It’s tempting to overvalue Long Shot, in which smart presidential candidate Charlize Theron falls for slobbola malcontent speechwriter Seth Rogen. It has been made for grown-ups, though with Rogen onboard that doesn’t preclude penis jokes. (And why should it? I ask.) Also, it’s a rom-com and Hollywood supposedly isn’t keen on rom-coms anymore — or anything that won’t generate a “franchise.” It features a center-left female presidential aspirant, which could hardly be more in sync with our daily Twitter feeds. And its actors seem to have worked to wobble-up their banter to keep from snapping into predictable sitcom rhythms. Theron is nimble but takes enough off her fastball to signal her vulnerability, and there’s an actress who’s new to me (she made her mark on TV) named June Diane Raphael who turns a stick-in-the-mud character into a primal force. It feels as if it has bite — even when it’s only gumming you into submission.
Theron plays Charlotte Field, the secretary of State to a feckless boob president (Bob Odenkirk) who decides to make a run for the presidency herself. Rogen is Fred Flarsky (the name tries too hard), an investigative journalist who’s first seen infiltrating a white-supremacist gang and heartily shouting, “F*** the Jews!” — a scene that makes you think the film will be wilder than it turns out to be. Fred decamps when a Rupert Murdoch–type buys his small Brooklyn paper and he bumps into Charlotte at a hoity-toity reception to which his rich buddy (Lance O’Shea Jackson, Jr.) has dragged him. By God, he knew her — as his babysitter, when he was 13! She saw his 13-year-old boner! Once that giggle-and-squirm is out of the way, Field hires Flarsky to write jokes for her speeches on account of her needing to lighten up (as female candidates must, we’re told, to keep from seeming too tight). Of course, he ends up charming the pants off her — to the horror of her cynical, superficial campaign manager, Maggie Millikin (Raphael), who thinks the optics are all wrong. I’m in her camp.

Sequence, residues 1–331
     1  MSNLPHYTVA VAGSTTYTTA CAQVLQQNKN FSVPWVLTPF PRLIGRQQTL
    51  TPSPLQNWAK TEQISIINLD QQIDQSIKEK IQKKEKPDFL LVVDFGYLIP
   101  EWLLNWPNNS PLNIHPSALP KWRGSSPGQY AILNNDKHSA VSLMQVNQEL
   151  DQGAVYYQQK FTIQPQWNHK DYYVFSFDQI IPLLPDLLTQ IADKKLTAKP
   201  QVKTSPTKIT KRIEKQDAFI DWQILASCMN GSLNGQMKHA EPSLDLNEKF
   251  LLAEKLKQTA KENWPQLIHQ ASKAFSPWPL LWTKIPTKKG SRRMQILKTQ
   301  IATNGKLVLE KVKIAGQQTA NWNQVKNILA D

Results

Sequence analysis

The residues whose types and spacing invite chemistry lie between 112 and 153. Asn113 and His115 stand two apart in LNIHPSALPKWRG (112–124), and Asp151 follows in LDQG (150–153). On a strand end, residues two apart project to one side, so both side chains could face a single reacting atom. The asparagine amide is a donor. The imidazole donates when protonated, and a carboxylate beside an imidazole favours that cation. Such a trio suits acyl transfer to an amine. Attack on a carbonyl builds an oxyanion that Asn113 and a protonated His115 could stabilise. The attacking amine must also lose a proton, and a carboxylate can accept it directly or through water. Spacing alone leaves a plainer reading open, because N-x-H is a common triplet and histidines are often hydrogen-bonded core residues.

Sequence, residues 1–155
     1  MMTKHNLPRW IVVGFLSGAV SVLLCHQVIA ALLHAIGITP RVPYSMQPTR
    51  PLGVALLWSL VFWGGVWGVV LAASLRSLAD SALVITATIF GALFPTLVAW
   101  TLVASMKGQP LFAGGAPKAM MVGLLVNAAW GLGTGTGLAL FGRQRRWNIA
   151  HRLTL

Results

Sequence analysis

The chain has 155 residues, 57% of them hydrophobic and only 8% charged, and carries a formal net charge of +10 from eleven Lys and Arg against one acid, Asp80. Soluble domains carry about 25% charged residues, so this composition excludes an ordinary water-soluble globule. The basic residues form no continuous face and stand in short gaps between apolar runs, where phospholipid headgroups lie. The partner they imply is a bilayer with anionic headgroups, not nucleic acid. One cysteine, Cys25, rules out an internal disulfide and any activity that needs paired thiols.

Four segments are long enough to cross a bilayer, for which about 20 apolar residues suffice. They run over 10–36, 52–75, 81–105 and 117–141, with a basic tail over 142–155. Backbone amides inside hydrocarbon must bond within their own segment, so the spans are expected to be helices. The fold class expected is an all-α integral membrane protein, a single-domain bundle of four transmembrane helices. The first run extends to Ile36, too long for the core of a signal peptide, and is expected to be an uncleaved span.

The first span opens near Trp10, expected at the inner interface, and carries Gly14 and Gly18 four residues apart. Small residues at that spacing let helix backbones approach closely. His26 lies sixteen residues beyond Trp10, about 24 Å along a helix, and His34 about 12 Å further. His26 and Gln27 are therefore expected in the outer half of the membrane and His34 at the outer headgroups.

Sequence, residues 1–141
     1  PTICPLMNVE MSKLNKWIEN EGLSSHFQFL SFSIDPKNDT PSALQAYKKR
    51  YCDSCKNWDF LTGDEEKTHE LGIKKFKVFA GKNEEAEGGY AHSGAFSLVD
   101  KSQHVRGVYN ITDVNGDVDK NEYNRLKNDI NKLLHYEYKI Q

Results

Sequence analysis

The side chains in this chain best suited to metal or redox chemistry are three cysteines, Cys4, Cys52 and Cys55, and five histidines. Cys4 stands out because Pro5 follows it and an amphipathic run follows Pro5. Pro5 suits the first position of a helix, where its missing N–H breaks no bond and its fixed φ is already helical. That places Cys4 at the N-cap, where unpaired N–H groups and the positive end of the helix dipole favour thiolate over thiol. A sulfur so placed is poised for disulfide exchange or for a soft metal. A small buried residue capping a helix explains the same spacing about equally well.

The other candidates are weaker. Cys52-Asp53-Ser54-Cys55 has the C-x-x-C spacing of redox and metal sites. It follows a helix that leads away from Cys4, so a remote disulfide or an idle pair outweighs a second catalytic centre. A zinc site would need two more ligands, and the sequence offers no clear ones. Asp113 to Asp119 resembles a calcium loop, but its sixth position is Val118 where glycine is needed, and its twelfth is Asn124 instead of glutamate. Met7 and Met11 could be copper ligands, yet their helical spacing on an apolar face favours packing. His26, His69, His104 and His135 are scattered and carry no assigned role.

I generally like Rogen a lot but this performance is bad — worse than it even seems because of the drain it is on the movie. In life, the actor has a passion for lefty politics, but his shtick is based on a stoner’s lack of commitment, and as Fred Flarsky he has a detached, “let’s pretend” air. He seems only half-in — not because Rogen doesn’t believe in the material (he’s one of the film’s many producers) but because laying back is what he does. For what’s missing, consider the recent 30th anniversary screening of Cameron Crowe’s Say Anything at the Tribeca Film Festival, where Crowe mentioned that for a key scene in which the flaky hero Lloyd Dobler (who also wants to win a princess) articulates his political grievances, actor John Cusack came in with an eight-page rant that touched on everything wrong with the Reagan era, and Cusack and Crowe shaped it into something memorable. That’s the kind of stuffing Rogen’s Fred doesn’t have. He should be untamable, with ideas and observations popping out willy-nilly, instead of low-energy and self-satisfied. It’s possible that the screenwriters Dan Sterling and Liz Hannah (Sterling has the story credit) worried that if Fred dazzled Charlotte with his ideas then the relationship would be rooted in mansplaining. But without some variation on that, you can’t see what turns Charlotte on — unless it’s the blandly smutty talk and butt-slapping in the sex scenes, suggesting the “good girl” longs to get gross.
Long Shot is full of screwball supporting characters, but most of them (Odenkirk, Alexander Skarsgaard as a gorgeous but vapid Canadian PM) get only one real joke apiece, and the director, Jonathan Levine doesn’t give them space to get any tricky rhythms going. (The dark-toned cinematography by Yves Belanger is too beautiful and composed for this kind of comedy.) Levine’s mistake with Theron is letting her be a less-than-dynamic speaker — Theron acts the words instead of selling them the way a real politician would. Theron is a treat in just about anything — her engines fire even when her material sputters — but this is yet another movie in which the politician allows herself to be compromised and then throws away a prepared text and does what’s right. (That never happened for real until Trump, although he throws away his prepared texts and does what’s wrong.)
Raphael is Long Shot’s only happy surprise. Raphael’s lines are good — Maggie dislikes Fred from the get-go — and her attack is better. Her Maggie is always hovering, scrutinizing, making snap judgments that actually snap — and sting. “There’s no way the two of you work,” says Maggie, succinctly, and I wish the filmmakers had felt more of an obligation to answer that charge. Maybe they need to slap our butts.